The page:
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Do You Know What Your Employees Value?

female executive from India with colleagues out of focus
Michael Becher, CPA Photo
Industry Insights Inc.

3 minutes

Get better at attracting and retaining team members by participating in two CUES surveys by March 31—and then purchasing the data.

Practically every employee at any organization has at least entertained the prospect of leaving their current workplace. Whether a fleeting thought or a serious consideration leads them to actively pursue other employment, this is the reality of the current marketplace. 

We are in the midst of unprecedented times of employment activities. While it is well documented that baby boomers are staying in the workforce longer than ever, the sheer size of the generation still equates to thousands of them retiring every day. In addition to the positions that baby boomers are leaving vacant, new jobs are being created all the time. Currently, there are more jobs available than people looking for employment, creating a job surplus that is growing daily. 

This job surplus has been coupled with historically low unemployment rates (3.7% in 2019) that we have not experienced since the 1960s. With excess jobs and fewer people to fill them, there has been a power shift in workforce dynamics from the employer to the employee. Many employees who thought the “grass is greener” elsewhere were in the past too fearful of the unknown to pursue a new position. Now, they know they are in high demand and are more likely to make a move. As a result, turnover rates across all industries have exceeded 44% annually, driven by 27% quit rates.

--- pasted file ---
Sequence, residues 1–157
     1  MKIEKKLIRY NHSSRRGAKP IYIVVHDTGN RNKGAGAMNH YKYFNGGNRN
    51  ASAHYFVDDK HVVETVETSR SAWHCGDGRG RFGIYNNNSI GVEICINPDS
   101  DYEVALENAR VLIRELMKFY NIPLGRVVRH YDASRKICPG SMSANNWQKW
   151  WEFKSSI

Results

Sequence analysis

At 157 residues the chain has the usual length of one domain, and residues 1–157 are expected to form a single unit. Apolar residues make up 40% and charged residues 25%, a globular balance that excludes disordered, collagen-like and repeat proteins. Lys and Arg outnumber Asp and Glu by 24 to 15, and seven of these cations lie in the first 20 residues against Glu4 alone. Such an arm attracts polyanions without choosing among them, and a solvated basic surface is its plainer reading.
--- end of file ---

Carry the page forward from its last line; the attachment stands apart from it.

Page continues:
With historically high quit and turnover rates, the hiring and onboarding process can feel like a never-ending cycle. The continuous flow of new hires is a strain on institutions from a financial and human resources standpoint. It takes time to fill the position, train and onboard the new employee, plus present a package that attracts the talent you are seeking. 

It is hard enough to attract new employees, but once you have them, the question now becomes, how do we keep them? To answer this question, we need to understand why employees are leaving. Are they looking for higher compensation levels or an opportunity for advancement? Have they become complacent/bored in what they are doing? Do they simply want to try something new, feel unappreciated by the organization or seek a better work/life balance? Ultimately, they are dissatisfied for one reason or another—or hundreds of reasons.

Conventional thinking tells us the best way to attract and retain employees is to increase base salary levels and/or year-end bonuses. While research has historically supported this, and even current research shows this can improve attraction/retention rates, there is a compensation cut-point where monetary increases become substantially less important to job satisfaction than other aspects of their work. 

In a recent study, we asked individual respondents—with a median base compensation of $80,000—to rate their overall job satisfaction along with how they feel about several attributes of their job. We found that the top five job-specific attributes that correlated to job satisfaction were:

  1. Personal fulfillment
  2. Involved in decisions
  3. Valued by the organization
  4. Recognized for their work